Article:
anesthetic may be used depending on the surgeon's preference, patientís age,
general health, and the procedure's degree of difficulty.
Unless there is cause for concern, hernia repair can be done on an
outpatient basis. On the day of the operation, one should wear loose-fitting,
simple clothing to the hospital, such as a sweat suit and slip-on shoes. That
way, upon discharge, getting dressed will be easy. Patients should not eat on
the morning of the operation. A friend or relative should drive the patient home
after the operation and, ideally, someone should stay with the patient the first
night, particularly if the bedroom is on the second floor because stairs may be
difficult to climb.
Today, surgeons use a variety of techniques to repair hernias.
Conventional Method. In this case, an incision is made over the site of
the hernia. The protruding tissue is returned to the abdominal cavity, and the
sac that has formed is removed. The surgeon repairs the hole or weakness in the
abdominal wall by sewing strong surrounding muscle over the defect. This is the
most common method of hernia repair.
Laparoscopic Method. A
laparoscope is a long metal tube with a lens and a tiny light source on one end
and a telescopic eyepiece on the other, which is connected to a TV monitor. The
scope is used to view the hernia in the abdominal wall while the surgeon repairs
the hernia. Surgical instruments are inserted into other tiny openings and can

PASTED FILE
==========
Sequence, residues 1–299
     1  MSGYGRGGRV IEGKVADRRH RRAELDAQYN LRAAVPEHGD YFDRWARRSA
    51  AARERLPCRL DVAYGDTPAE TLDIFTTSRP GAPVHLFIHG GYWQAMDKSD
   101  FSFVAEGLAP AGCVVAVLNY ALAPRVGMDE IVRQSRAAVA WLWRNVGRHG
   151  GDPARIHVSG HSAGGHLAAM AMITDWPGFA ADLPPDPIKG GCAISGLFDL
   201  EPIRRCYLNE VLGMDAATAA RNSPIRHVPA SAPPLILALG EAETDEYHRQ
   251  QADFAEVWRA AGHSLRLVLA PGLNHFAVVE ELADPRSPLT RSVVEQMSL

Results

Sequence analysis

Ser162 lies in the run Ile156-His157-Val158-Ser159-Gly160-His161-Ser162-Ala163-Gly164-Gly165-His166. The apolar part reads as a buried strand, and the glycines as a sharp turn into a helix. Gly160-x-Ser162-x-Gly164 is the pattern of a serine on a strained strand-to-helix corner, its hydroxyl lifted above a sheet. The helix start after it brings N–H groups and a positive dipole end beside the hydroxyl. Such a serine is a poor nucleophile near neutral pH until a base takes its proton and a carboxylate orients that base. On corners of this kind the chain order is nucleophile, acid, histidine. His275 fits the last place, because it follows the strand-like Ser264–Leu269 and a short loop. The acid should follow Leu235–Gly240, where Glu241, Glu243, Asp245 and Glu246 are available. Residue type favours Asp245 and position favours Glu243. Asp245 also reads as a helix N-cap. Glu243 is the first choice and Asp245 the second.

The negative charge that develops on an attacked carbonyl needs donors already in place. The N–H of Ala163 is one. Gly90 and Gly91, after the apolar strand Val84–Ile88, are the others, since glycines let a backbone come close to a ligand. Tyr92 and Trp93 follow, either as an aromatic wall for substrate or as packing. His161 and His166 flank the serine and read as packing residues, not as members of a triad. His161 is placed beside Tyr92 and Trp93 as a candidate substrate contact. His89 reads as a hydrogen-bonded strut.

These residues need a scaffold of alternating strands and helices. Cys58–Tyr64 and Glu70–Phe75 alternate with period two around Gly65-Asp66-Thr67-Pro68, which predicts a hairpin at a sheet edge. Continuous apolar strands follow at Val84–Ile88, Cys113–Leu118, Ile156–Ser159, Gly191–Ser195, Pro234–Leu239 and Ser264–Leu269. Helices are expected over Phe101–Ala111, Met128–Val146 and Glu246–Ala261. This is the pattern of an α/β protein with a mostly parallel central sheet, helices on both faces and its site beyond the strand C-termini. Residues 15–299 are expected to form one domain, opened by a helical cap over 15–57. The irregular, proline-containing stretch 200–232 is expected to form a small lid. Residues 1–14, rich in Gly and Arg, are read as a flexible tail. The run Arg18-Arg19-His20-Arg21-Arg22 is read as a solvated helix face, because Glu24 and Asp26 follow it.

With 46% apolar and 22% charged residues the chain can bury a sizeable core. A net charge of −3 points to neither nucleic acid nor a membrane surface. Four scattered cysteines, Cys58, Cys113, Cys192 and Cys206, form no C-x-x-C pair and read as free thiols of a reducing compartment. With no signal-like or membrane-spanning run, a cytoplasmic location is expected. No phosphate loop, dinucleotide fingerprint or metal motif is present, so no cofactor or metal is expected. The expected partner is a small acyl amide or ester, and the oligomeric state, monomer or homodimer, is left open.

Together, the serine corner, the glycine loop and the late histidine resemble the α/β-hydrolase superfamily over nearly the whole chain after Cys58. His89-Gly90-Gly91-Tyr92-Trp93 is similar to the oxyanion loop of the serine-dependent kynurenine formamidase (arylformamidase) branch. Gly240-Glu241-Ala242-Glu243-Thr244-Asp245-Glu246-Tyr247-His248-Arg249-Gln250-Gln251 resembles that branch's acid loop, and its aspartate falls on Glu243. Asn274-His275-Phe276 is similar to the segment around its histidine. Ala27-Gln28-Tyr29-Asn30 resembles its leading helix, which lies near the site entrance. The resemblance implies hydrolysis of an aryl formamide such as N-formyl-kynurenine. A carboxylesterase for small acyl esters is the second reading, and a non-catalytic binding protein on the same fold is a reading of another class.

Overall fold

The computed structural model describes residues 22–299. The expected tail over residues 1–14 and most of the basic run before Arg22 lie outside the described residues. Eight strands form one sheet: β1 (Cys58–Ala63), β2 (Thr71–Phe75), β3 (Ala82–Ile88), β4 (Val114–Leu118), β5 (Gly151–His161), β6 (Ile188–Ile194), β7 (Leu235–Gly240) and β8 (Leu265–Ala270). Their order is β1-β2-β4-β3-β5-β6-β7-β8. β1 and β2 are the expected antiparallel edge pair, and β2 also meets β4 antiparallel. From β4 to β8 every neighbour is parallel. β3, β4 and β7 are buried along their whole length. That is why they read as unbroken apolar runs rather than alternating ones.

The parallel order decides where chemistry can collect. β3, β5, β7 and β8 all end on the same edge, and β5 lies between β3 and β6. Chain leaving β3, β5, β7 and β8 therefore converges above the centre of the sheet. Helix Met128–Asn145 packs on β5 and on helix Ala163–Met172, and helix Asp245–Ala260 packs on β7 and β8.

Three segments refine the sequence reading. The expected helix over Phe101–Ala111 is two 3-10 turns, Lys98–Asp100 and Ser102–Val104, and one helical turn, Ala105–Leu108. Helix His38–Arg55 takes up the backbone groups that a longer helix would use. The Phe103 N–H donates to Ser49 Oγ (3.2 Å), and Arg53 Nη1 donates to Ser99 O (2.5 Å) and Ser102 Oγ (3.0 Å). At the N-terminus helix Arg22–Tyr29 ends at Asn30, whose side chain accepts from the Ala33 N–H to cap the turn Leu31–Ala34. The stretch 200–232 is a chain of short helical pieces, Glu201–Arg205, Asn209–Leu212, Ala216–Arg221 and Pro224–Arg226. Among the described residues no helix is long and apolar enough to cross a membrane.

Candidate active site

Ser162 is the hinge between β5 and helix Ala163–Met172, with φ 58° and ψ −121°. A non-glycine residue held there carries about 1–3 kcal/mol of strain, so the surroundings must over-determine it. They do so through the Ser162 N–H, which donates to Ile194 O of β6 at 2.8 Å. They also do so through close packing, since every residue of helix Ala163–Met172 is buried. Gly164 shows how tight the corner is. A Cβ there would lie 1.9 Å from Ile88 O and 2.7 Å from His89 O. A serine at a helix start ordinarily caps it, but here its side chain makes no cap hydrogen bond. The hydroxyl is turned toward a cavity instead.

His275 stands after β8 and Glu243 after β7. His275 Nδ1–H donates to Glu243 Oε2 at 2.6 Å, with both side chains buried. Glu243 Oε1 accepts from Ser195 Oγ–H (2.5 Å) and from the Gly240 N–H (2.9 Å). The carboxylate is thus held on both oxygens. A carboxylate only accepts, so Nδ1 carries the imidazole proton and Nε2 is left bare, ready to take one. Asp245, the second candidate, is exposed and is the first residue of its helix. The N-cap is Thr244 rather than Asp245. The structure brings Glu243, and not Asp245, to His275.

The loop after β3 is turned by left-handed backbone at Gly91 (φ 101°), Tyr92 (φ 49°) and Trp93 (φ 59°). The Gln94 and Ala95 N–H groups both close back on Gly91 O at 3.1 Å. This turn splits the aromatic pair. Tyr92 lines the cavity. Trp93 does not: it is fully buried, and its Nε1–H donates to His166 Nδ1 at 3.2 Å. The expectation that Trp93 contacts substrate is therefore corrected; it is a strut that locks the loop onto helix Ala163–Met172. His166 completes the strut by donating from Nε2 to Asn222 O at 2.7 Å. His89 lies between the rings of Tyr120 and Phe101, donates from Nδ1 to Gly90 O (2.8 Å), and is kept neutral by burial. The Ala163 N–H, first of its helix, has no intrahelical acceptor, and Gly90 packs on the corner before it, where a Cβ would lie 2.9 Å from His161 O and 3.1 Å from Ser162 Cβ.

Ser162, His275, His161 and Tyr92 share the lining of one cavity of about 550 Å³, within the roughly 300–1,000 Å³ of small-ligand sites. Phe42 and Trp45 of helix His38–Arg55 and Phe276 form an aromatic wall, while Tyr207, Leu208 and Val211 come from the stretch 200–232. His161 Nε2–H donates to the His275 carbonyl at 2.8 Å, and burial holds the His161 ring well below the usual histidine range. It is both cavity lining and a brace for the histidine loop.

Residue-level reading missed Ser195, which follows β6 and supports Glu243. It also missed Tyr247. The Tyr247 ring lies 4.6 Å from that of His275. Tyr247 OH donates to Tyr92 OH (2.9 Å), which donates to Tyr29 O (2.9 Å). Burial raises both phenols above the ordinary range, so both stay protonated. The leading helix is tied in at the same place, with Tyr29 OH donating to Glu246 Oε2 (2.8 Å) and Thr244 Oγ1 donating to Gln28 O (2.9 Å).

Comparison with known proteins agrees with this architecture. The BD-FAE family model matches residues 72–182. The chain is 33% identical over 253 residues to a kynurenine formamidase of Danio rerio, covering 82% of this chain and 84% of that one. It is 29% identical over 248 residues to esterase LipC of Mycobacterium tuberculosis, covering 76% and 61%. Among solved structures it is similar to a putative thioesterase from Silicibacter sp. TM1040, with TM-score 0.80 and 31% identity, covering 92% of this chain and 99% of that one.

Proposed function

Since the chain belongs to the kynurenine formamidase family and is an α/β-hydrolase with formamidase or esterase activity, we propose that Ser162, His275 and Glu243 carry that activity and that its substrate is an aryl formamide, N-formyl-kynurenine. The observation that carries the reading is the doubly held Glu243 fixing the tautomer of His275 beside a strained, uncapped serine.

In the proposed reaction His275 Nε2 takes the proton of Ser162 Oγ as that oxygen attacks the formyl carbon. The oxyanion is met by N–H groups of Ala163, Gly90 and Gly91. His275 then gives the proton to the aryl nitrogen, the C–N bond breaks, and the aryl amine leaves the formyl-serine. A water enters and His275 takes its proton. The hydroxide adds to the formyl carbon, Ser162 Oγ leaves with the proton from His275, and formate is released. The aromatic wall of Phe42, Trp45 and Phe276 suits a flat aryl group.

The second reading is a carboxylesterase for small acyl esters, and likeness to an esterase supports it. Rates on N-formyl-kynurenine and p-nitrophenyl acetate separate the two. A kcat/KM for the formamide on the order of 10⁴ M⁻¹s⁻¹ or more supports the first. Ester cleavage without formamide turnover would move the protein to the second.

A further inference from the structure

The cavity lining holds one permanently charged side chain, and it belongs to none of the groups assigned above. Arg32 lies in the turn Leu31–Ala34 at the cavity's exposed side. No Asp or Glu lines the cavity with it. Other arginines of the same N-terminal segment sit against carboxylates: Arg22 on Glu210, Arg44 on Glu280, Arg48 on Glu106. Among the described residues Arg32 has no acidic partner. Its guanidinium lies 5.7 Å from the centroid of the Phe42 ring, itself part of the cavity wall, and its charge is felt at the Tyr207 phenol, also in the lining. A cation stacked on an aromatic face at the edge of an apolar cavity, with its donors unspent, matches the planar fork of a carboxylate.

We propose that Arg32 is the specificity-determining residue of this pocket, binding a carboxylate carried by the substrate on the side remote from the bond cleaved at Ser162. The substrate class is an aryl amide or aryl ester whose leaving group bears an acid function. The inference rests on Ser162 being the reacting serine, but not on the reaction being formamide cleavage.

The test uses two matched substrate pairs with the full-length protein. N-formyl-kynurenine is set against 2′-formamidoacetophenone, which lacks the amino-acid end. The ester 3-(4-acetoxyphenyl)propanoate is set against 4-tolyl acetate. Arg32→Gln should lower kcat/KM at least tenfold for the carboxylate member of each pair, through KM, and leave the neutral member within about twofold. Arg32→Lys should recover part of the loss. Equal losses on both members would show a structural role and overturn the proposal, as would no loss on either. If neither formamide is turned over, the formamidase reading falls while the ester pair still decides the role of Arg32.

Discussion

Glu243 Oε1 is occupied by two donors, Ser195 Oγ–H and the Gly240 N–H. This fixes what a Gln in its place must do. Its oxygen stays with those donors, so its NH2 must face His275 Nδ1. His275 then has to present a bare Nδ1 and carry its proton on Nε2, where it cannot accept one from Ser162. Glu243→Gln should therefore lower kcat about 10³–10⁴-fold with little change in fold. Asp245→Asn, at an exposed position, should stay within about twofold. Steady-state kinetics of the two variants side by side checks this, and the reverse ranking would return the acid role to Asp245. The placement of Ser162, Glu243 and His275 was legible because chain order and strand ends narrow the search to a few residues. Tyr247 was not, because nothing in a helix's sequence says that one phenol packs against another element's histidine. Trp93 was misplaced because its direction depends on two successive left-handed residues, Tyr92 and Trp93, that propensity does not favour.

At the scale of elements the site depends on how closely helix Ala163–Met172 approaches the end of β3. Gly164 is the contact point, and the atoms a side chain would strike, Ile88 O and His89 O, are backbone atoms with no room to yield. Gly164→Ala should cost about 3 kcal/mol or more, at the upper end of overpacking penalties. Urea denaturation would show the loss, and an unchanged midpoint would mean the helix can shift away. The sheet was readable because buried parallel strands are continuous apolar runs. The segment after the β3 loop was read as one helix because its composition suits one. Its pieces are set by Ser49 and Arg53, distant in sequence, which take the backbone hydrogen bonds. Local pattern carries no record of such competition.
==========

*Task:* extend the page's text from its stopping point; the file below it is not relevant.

be used to push the intestine and hernia sac back into place. A patch of inert
mesh typically is used to reinforce the abdominal wall and is held in place with
surgical staples. A general anesthetic is usually required. This method may
allow the patient to recover faster and with less discomfort than the
conventional method. This method is new, still being evaluated, and is not an
option for every patient.
Mesh Technique. For this
technique, an incision is made at the site of the hernia and a piece of mesh is
inserted to cover the area of the abdominal wall defect without sewing together
the surrounding muscles. Recovery is swift, and the likelihood of the hernia
recurring is small. The mesh is safe and generally well-accepted by the body's
As with any operation, infection and bleeding can occur. Most of the
time, however, these problems are easily handled, without the need for a
hospital stay. A slight chance also exists that the intestine or bladder can be
injured during the operation. The formation of scar tissue is another
possibility. Any infection associated with the operation will be treated with
antibiotics but otherwise such drugs are not typically used or required.
While hernia repair is not considered "major" surgery, the
amount of pain varies from patient to patient. It also depends on the location
and type of hernia that was repaired and the technique that was used for the
repair. Generally, after a conventional hernia repair, one will have some
difficulty walking the first few hours after the operation, and climbing stairs
the first couple of days. Bathing will require care so as not to wet the
incision site. Sexual activity is usually too uncomfortable to enjoy the first
week or two. Heavy lifting, jogging, or doing strenuous exercise are to be
avoided for the first four to six weeks. Driving
a car may be difficult and unwise for a few weeks. Depending upon your
occupation, you can expect a recovery period lasting from one to six weeks.
After Your Groin Hernia Repair Instructions